Campaign to Raise Awareness of Discrimination Against Non-Theists

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    Have you lost a job, a friendship or a relationship with a family member due to your non-belief? Has your business suffered? Have you been bullied or insulted?

    If so, we’d like to know about it. Send your story to www.openlysecular.org/discrimination. It may be featured in a campaign to raise awareness of discrimination against non-theists.

     

    26 COMMENTS

    1. Living in England I have not really experienced discrimination for being an atheist apart from occasionally being called a heretic or being condescended to by people saying they feel sorry for me because ‘My life must be so shallow if I haven’t let Jesus into my heart’ or some other inanity. This is water off a duck’s back to me.
      My main fear is that while I will debate with anyone about atheism outside of work I would be very wary of doing that in the workplace as I would feel that most companies would protect the rights of the religious over those of an atheist if the religious person took offence to the atheist’s views.
      In the USA Freedom of expression is enshrined in the First Amendment which allows people to say what they think even if what they say is considered offensive.
      In the UK we have freedom of expression only up to the point where it is arbitrarily considered offensive whereby it can become a hate crime.
      Personally I prefer the US way as the right to offend is important in a democracy.
      I would imagine though that in the USA where the majority of people are religious that being an atheist is a much bigger deal.
      I have just finished reading Peter Boghassian’s book ‘A Manual for Creating Atheists’ and having read it I greatly admire anyone in the USA who is prepared to stand up for being an atheist as religion seems to be so engrained in the culture and society.

      • I recently heard a remarkable statement made by John Ameche, the English former NBA player who disclosed his homosexuality after retiring form pro basketball. In an interview with a Miami radio station about a month ago, Ameche said that he figured out very quickly that it is much worse to be an atheist in America than it is to be gay. Consider the gravity of that statement made by a gay athlete working in Orlando, Florida who was subjected to the typical hateful screeds directed at gay men in America by the religious right-wing. I’m not saying his opinion is necessarily correct and I in no way intend to diminish or excuse the hateful treatment of homosexuals by christians in America, but I found it remarkable that a gay man from Europe would make that assessment of American culture.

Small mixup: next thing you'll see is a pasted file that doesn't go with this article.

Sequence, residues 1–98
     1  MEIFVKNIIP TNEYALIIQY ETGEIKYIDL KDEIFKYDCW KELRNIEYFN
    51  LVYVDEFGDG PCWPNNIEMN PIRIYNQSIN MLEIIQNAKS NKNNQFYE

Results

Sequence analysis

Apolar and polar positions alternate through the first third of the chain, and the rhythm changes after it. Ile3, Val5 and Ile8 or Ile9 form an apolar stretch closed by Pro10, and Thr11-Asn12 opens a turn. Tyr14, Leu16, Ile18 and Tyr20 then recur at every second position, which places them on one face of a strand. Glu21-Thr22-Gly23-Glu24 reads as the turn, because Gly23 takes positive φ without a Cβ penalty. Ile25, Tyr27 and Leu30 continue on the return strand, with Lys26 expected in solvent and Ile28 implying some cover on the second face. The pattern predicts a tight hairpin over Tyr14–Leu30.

2. The separation of church and state doesn’t seem to have any influence in Australia as our religious government has decided to remove thousand of social workers in schools and spend MILLIONS of dollars replacing them with chaplains. But what about non believers, don’t our kids deserve the option for normal and unbiased social support? We are all born atheists until someone starts telling us lies, and its time the lies were exposed for what they really are, discrimination! Good luck Richard, you have my complete support but its looking like a long, long battle ahead of us. I suspect the political growth of religions around the world is a knee jerk reaction to islamaphobia and unfortunately the majority are still blind to the facts that all religions are the problem, not the solution.

    3. The problem with discrimination, in my mind, is that it works in so many directions. If I was a company boss interviewing two equally suitable and capable candidates for a job, and one was openly Christian, whilst the other was openly atheistic or anti-theistic, and being a Christian myself, would it be fair for my first choice to be the Christian?

      But now, let’s assume that instead I’m an atheist and I want to run my business under a strictly secular regime, and I’m interviewing the same two candidates. Would it be fair for my first choice to be the atheist … ?

      • If I was a company boss interviewing two equally suitable and capable candidates for a job, and one was openly Christian, whilst the other was openly atheistic or anti-theistic, and being a Christian myself, would it be fair for my first choice to be the Christian?

        But now, let’s assume that instead I’m an atheist and I want to run my business under a strictly secular regime, and I’m interviewing the same two candidates. Would it be fair for my first choice to be the atheist … ?

        It is very unlikely that two people’s skills would match exactly., so the suggestion that they are perceived as “equally suitable and capable candidates for a job”, is likely to be a reflection of a lack of analytical competence on the part of the interviewer.

        Surely a job interview is about the competence to do the job. Not about who is going to discriminate on the basis of personal affiliations or prejudices!

        That is why anti-discrimination legislation outlaws questions about a person’s religion when making public appointments.

        http://en.wikipedia.org/wiki/Employment_discrimination_law_in_the_European_Union

        If an interviewer cannot use a better basis for matching people to secular jobs, than religious prejudice, they are clearly not competent as an interviewer. (The appointment of a Vicar or priest could be a special case.)

      • No on both counts. Preferential treatment or discrimination based on religious belief, or lack thereof, is despicable and wrong, no matter how you try to rationalize it. Given that it is highly unlikely that two candidates for the same job would ever be truly “equally suitable” your hypothetical is pretty well obtuse to objective reality.

      • I would take offense if during an interview, the interviewer asked my religious views, because it’s not a relevant question with regard to the job, and it’s a private thing above all else.

        In the same way, I would take offense if the interviewer asked what my sexual preference is.